Friday, January 20, 2017
Malachi 3:3 - And he shall sit as a refiner and purifier of silver: and he shall purify the sons of Levi, and purge them as gold and silver, that they may offer unto the Lord an offering in righteousness.
I get that God wants us refined, but what does that really mean? Whose standard are we to adhere to? Christ, the head of the Church, has no issue with knowing and presenting the standard. However, the problem comes when those who are to represent the church change the Lord's definition of "refined." Instead of letting God's Word and the Holy Spirit truly transform the church from dross to fine gold, human pride and frailty get in the way. In other words, when the Word of God is ignored and he/she who has the biggest wallet and/or worldly influence decides the next move of the church, we are in deep doo-doo.
Despite popular opinion, this is not a denominational specific problem. I've seen or heard of it in every type of church setting, whether evangelical or liturgical, large or small. The problem is not the church; the problem is we have lost the spirit of the Refiner and lost His definition of what his family should look like.
Let's fix this, shall we?
Prompts provided by Mrs. Kate over at Heading Home.
Wednesday, January 18, 2017
Want to join the party? Come on over to From This Side of the Pond for the Hodgepodge link-up!
ASAP typically stands for 'as soon as possible'. What else could it stand for in your life right now?
"As sleepy as permissible." I've had to function that way lately. It's no fun. Fortunately, I'm taking a day off Friday, so maybe I can get some rest.
Are you the last person to speak up in a group or the first to have an idea? Why do you suppose that is? Is it a good thing or no?
I am the first to have an idea, but the last to speak up in a group. Usually, I'm in situations where I'm allowed to be with the group physically, but my input is not welcome. So, it's best to keep quiet.
What do you remember best about being 12?
Not much--thank the Lord. I remember it being my first year of high school, which wasn't a good memory. Anyway, move on the nostalgia question. That's a good one.
January 18th is National Winnie the Pooh Day. Which character do you relate to the most, and why? If you're stumped go here for inspiration.
I find this question interesting. My mentor has a plethora of things on the conference table where we meet. I'm not sure what they're actually for, but sometimes I use them to express my mood. Unfortunately, I routinely pick the Eeyore figurine. It's no secret that I struggle with depression; in that I am like Eeyore. However, I feel that I've broken away from persistent pessimism and the pain of an anhedonic existence. So, I am working to be more like Pooh. Only around children am I like Tigger.
What's an app you use that helps simplify or make life easier for you in some way?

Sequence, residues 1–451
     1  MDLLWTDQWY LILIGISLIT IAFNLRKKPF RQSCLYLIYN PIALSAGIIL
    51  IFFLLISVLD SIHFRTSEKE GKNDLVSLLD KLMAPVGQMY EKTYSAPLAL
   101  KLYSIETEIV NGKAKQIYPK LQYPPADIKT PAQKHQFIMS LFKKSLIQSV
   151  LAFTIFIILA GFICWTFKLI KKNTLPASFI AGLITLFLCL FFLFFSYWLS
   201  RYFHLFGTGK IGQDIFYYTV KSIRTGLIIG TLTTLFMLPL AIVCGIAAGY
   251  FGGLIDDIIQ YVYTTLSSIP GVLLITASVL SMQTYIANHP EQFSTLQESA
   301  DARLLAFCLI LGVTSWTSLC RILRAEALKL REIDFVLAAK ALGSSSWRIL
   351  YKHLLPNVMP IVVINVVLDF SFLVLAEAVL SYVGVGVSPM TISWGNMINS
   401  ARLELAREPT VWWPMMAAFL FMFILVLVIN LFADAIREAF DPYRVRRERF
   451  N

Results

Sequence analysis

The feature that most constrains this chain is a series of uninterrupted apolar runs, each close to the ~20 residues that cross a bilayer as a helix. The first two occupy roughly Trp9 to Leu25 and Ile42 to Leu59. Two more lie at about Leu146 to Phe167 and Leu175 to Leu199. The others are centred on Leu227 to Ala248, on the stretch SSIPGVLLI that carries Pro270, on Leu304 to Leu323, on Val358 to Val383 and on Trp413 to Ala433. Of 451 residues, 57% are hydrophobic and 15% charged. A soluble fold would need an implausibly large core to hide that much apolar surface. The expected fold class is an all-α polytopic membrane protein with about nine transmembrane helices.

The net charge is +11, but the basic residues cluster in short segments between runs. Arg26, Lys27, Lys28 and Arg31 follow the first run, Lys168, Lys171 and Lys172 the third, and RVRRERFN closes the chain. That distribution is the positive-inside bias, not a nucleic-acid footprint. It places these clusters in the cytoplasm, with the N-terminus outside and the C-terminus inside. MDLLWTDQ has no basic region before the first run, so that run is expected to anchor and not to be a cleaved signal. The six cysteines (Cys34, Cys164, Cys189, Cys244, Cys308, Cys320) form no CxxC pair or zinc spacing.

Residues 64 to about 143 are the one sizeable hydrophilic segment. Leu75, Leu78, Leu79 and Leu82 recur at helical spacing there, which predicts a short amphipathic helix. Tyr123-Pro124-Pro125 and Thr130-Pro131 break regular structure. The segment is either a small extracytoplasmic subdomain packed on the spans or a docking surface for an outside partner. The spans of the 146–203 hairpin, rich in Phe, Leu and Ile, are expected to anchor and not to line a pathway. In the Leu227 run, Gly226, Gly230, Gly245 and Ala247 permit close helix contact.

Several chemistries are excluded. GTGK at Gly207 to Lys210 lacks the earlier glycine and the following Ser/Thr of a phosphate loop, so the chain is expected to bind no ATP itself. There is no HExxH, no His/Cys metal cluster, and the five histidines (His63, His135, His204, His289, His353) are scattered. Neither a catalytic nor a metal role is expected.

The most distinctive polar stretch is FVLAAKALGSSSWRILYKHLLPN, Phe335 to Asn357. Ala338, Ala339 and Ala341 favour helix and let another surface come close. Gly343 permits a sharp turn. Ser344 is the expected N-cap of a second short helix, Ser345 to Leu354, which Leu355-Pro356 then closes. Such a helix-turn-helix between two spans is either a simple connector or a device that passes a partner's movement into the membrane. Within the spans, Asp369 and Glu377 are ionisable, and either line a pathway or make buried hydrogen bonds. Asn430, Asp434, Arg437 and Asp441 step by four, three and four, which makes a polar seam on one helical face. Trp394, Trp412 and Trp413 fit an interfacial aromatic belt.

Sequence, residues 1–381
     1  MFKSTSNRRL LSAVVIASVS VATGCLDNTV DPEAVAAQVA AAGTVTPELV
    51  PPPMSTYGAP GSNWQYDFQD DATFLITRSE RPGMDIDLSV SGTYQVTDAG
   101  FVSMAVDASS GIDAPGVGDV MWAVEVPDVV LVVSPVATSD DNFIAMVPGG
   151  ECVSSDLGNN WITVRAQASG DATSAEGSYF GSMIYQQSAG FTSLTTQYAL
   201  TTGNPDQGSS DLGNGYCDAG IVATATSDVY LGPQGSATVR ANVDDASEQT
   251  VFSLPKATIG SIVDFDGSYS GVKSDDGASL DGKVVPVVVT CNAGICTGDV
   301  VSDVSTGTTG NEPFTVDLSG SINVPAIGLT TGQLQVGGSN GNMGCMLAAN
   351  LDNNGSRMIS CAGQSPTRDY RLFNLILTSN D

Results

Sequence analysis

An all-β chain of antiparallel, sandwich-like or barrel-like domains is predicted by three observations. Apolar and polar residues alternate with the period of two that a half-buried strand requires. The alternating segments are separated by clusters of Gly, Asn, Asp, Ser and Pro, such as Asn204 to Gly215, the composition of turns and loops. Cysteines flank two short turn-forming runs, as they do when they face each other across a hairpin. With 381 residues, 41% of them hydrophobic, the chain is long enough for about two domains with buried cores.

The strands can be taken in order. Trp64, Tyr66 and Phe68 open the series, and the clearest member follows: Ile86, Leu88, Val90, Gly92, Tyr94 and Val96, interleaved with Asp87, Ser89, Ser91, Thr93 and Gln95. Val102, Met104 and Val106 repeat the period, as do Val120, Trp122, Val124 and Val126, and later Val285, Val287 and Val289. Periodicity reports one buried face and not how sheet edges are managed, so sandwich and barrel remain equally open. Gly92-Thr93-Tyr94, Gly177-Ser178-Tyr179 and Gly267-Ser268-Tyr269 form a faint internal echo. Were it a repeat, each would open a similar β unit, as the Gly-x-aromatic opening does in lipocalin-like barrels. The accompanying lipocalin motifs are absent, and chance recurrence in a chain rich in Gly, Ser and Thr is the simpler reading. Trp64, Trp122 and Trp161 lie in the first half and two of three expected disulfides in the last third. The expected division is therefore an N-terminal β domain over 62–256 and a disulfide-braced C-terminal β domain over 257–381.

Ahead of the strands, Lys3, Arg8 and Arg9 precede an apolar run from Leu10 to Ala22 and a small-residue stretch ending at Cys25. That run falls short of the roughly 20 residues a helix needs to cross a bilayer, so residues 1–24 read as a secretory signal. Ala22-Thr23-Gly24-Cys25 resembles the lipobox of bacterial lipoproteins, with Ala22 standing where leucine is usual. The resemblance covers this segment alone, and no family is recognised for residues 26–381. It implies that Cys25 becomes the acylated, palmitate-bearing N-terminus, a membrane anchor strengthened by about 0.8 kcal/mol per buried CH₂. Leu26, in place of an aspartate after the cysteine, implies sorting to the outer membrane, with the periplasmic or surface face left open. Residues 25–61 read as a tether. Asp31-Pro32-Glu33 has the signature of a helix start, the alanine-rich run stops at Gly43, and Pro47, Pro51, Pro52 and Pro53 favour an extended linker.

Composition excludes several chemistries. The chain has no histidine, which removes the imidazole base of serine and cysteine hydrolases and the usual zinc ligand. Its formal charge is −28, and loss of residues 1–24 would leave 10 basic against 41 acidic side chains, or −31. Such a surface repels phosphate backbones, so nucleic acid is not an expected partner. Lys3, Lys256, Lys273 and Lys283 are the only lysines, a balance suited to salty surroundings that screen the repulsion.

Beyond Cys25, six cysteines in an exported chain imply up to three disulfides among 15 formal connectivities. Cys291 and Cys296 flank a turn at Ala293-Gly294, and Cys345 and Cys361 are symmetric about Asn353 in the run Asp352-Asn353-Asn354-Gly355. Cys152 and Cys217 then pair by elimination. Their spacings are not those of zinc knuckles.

Runkeeper. I have a Garmin watch and a FitBit, but Runkeeper is my preferred tracker.
San Francisco (CA), San Diego (CA), San Juan (PR) San Antonio (TX) Sanibel (FL)...you have an all expenses paid long weekend to one of these destinations. Which one do you choose and why?
San Francisco. I keep hearing that it is full of culture and fun touristy things to do. Plus, I just have a heart for California. I'd also like to do the river walk in San Antonio.Share with us a song that makes you feel nostalgic? For what?
Ah, the 80's. Big hair, bright colors, people who actually sing and play musical instruments rather than put out music that sounds like it was written by an appliance (Thank Greg Proops for that one). Makes me think of rushing from church on Sundays to listen to Casey Kasem's American Top 40 radio show. The 80's is where I started my own journey towards musicianship. I took my first music lessons in the 80's and have played ever since.
Insert your own random thought here.
Have a great week, y'all.
Monday, January 16, 2017
Author: Lori Wick
Info: Copyright 1997: Eugene, OR: Harvest House Publishers
Where acquired: Library check out.
Rating (on a scale of 1-4 stars): ✮✭✭
What it's about: In this final volume of the Rocky Mountain Memories series, Wick picks up the story years after Book 3: To Know Her By Name. Catherine Taggart (known as "Rusty" by all), the oldest daughter of Clayton and Jacqueline Taggart (book 1), has a grand love of children. She works with her Aunt and Uncle at an orphanage. During a placement trip, Rusty meets Chase McCandles, a widower with a young son. Through a set of mishaps, unrequited love, plus some divine intervention, Rusty and Chase end up at odds with each other with his child in the middle.
The beauty of one phrase that Rusty prays struck me--but in a good way. She prayed that God would "Remember me when You think of motherhood." I thought it was simply beautiful. She wasn't saying she would be a perfect mother or that she was better than anyone else, she simply knew that her life's call was to be a mother, and she wanted to have God's blessing as she fulfilled His purpose. I know, usually I don't care for stuff like that, but I'd never heard a prayer for motherhood quite like that in any book, fiction or otherwise.
What I Liked:
- This book is a great deal better than Book 3.
- Rusty's interactions with children are fun to see.
- Quite frankly, I like that way Rusty told off Chase about his treatment of his son. By the time she let him have it, she was WARM!
- This final volume does tie up some loose ends and bring in familiar characters from the prequels.
- Like the lead female character in book 3, Rusty Taggart's character is written in a confusing manner. During the opening chapters, she is presented as flighty, weak, and daft. Later, her personality quickly changes to reveal a woman of strength and great passion, but with no outside precipitant to account for it. It was almost as if her strength of character could only be revealed in the context of being around a male.
Good conclusion to the series.